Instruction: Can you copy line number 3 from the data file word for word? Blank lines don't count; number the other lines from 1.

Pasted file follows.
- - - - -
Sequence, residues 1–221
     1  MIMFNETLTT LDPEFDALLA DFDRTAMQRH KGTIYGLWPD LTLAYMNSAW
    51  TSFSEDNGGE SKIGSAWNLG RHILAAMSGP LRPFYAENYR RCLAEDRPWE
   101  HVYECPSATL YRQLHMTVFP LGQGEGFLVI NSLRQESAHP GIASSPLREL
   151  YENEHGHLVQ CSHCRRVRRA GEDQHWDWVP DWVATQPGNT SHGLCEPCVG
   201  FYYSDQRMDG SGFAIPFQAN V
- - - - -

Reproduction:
    51  TSFSEDNGGE SKIGSAWNLG RHILAAMSGP LRPFYAENYR RCLAEDRPWE